Even if you create the most efficient budget, it would not mean much if you do not stick to it and are unable to follow. Your budget will probably mean a more frugal lifestyle than what you are used to but keep reminding yourself that it is a temporary solution so you can accomplish your long term financial goals. Think of the day when you will be debt-free and focus on that. Because sticking to your budget is really what will put your on the road to financial freedom.

  1. DO Use tools to find savings

The good news is that sticking to your budget may not be so difficult because there is a strong chance that there currently are ways within your own accounts. There is variety of tools to help you accomplish that. From Personal Finance software like Quicken thru completely free online resources like Mint.com to more robust and comprehensive tools like Your Family Bank®, the help is there, so take advantage of it.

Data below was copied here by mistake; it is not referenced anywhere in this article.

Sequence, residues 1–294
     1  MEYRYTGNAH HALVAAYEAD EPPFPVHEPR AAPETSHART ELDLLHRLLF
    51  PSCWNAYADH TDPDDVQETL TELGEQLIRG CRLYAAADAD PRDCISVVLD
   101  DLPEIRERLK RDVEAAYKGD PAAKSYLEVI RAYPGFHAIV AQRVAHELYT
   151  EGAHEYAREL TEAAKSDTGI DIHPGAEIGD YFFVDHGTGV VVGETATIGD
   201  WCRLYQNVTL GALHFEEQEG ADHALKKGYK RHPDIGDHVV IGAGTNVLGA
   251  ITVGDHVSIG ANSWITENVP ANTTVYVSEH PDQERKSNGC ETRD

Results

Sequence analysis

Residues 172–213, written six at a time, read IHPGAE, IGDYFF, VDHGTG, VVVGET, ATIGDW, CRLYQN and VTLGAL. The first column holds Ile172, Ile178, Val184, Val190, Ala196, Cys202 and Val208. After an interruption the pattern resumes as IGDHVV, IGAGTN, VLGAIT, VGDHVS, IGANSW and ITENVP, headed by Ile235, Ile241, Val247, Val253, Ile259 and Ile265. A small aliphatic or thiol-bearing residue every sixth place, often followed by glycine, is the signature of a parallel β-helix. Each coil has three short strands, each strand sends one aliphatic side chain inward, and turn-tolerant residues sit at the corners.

1. DO Beware of “Get Out of Debt” Companies

While sometimes it is indeed possible to renegotiate credit terms beware of companies that promise you miracles. In my over 20 years of experience, I have not seen credit card companies lower interest rates drastically just because you asked them to do so. If the promises those “Get out of Debt Fast” companies make seem too good to be true, they probably are.

DON’Ts

  1. DON’T Incur more debt to get out of debt

In some cases it makes sense to transfer balances from high interest rates accounts in order to take advantage of zero interest balance transfer option but beware of the zero interest expiration date and include that in your long term budget. But it is important to note that this makes sense to do between already existing accounts. It is rarely prudent to open new credit card accounts in order to repay existing ones. Remember, you goal is to break the vicious cycle, not to keep turning within it!

  1. DON’T Cash out a 401(k) to get out of debt